Other drinks are sold only by the bottle, not by the glass Red wine is in the ¥80-200 range served with ice and Sprite and mediocre imported whiskeys Chivas, Johnny Walker, Jim Beam, Jack Daniels; extremely rarely single malts and cognacs, ¥300-800 Both are often mixed with sweet bottled green or red tea Vodka, tequila and rum are less common, but sometimes available Bogus "brand name" products are fairly common and may ruin your next day

These places often have bar girls, young women who drink a lot and want to play drinking games to get you to consume more They get a commission on whatever you buy In general, these girls will not leave the bar with you; they are professional flirts, not prostitutes

Karaoke 卡拉OK is huge in China and can be broadly split into two categories More common is the no-frills karaoke box or KTV, where you rent a room, bring your friends and the house gives you a mike and sells you booze Much favored by students, these are cheap and fun with the right crowd, although you need at least a few people for a memorable night Bringing your own booze can keep the price tag down but must be done on the sly - many places have windows in the door so the staff can make sure you only drink liquor they sold to you

Rather different is the distinctly dodgier special KTV lounge, more oriented to businessmen entertaining clients or letting their hair down, where the house provides anything and everything at a price At these often opulent establishments — over-the-top Roman and Egyptian themes are standard — you'll be joined by short-skirted professional karaoke girls, who charge by the hour for the pleasure of their company and whose services may not be limited to just singing badly and pouring your drinks It's highly advisable not to venture into these unless you're absolutely sure somebody else is footing the bill, which can easily run into hundreds of dollars even if you keep your pants on

As elsewhere, never never accept an invitation to a restaurant or bar from an available-looking woman who just picked you up in the street sometime after sundown At best, suggest a different place If she refuses, drop her on the spot More than likely, she will steer you into a quiet little place with too many doormen and you will find yourself saddled with a modest meal and beer that will cost you ¥1,000 or worse And the doormen won't let you leave till you pay up This is somewhat rare But it does happen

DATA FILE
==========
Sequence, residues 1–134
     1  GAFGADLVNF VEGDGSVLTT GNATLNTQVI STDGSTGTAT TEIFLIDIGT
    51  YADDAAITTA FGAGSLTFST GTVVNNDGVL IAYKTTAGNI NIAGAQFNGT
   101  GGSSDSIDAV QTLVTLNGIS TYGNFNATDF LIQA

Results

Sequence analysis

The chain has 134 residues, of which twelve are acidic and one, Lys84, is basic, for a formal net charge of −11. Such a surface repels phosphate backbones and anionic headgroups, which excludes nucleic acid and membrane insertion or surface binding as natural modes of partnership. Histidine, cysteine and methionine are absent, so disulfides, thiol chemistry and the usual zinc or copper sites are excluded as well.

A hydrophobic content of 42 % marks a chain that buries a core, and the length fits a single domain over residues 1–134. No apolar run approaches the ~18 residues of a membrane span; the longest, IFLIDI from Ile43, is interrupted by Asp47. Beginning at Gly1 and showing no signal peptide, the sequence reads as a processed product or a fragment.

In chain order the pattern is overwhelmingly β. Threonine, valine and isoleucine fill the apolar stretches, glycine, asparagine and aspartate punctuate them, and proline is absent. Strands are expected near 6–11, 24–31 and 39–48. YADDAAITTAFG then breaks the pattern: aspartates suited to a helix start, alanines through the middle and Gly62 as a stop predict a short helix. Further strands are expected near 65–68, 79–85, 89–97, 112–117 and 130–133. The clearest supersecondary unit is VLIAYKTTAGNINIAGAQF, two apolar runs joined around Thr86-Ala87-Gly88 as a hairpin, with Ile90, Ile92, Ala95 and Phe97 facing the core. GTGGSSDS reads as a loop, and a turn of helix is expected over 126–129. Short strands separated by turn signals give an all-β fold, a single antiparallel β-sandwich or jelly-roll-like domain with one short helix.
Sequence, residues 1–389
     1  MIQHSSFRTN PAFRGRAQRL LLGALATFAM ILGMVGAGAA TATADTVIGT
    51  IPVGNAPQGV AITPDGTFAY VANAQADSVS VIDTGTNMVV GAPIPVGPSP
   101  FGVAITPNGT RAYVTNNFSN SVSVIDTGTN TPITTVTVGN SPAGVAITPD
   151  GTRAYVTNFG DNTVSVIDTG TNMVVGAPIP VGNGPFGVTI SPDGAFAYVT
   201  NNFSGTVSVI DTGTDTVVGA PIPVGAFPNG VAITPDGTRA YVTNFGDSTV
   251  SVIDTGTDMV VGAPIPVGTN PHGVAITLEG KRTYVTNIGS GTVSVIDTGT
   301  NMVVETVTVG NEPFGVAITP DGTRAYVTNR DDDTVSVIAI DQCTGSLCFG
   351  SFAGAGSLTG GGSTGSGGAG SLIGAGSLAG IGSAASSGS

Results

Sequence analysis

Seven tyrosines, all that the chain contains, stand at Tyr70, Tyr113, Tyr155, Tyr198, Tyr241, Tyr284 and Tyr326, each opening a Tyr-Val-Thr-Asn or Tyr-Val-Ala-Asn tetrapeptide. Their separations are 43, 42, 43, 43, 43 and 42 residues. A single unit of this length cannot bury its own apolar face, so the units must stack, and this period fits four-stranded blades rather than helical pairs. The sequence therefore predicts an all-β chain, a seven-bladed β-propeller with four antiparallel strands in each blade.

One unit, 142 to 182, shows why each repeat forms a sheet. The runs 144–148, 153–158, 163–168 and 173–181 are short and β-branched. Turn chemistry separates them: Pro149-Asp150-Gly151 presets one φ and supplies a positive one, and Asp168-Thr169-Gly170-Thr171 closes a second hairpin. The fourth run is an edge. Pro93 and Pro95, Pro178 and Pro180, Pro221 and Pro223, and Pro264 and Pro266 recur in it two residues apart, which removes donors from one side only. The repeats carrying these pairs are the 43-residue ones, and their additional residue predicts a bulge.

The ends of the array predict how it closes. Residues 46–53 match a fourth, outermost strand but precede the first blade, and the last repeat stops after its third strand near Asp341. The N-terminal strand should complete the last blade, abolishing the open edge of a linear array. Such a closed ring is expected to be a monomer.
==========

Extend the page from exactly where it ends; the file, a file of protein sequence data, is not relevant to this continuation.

At the risk of stating the obvious, there's a lot of teachá in China Green tea 绿茶 lǜchá is served up for free in almost every restaurant The most common types served are:

  • gunpowder tea 珠茶 zhūchá: a green tea so-named not after the taste but after the appearance of the bunched-up leaves used to brew it the Chinese name "pearl tea" is rather more poetic
  • jasmine tea 茉莉花茶 mòlihuachá: green-tea scented with jasmine flowers
  • oolong 烏龍 wūlóng: a half-fermented mountain tea

However, specialist tea houses serve a vast variety of brews, ranging from the pale, delicate white tea 白茶 báichá to the powerful fermented and aged pu'er tea 普洱茶 pǔ'ěrchá Tea in Chinese culture is akin to wine in Western culture, and even the same type of tea will come in many different grades Always check prices carefully before ordering as some of the best varieties can be very pricey indeed Most tea shops have some teas at several hundred yuan per jing 500 g and prices up to ¥2,000 are not uncommon The record price for top grade tea sold at auction was well over ¥7000 a gram

Various areas of China have famous teas Hangzhou, near Shanghai, is famed for its "Dragon Well" 龙井 lóngjǐng green tea Fujian has the most famous oolong teas, "Dark Red Robe" 大红袍 dàhóngpáo from Mount Wuyi and "Iron Goddess of Mercy" 铁观音 tiěguānyīn from Anxi Pǔ'ěr in Yunnan has the most famous fully fermented tea, pǔ'ěrchá 普洱茶 This comes compressed into hard cakes, originally a packing method for transport by horse caravan to Burma and Tibet The cakes are embossed with patterns; some people hang them up as wall decorations

Most tea shops will be more than happy to let you sit down and try different varieties of tea "Ten Fu Tea" is a national chain and in Beijing "Wu Yu Tai" is the one some locals say they favor

Normal Chinese teas are always drunk neat, with the use of sugar or milk unknown However, in some areas you will find Hong Kong style "milk tea" 奶茶 nǎichá or Tibetan "butter tea" Taiwanese bubble tea 珍珠奶茶 Zhēnzhū Nǎichá is also popular and widely available The type of tea most common in the West is known in China as "red tea" 紅茶 hóngchá


Coffee 咖啡 kāfēi is becoming quite popular in urban China, though it is nearly impossible to find in smaller towns

Several chains of coffee shops have branches in many cities, including Starbucks 星巴克, UBC Coffee 上岛咖啡, Ming Tien Coffee Language and SPR All offer coffee, tea, and both Chinese and Western food, generally with good air conditioning, wireless internet, and nice decor ¥15-40 or so a cup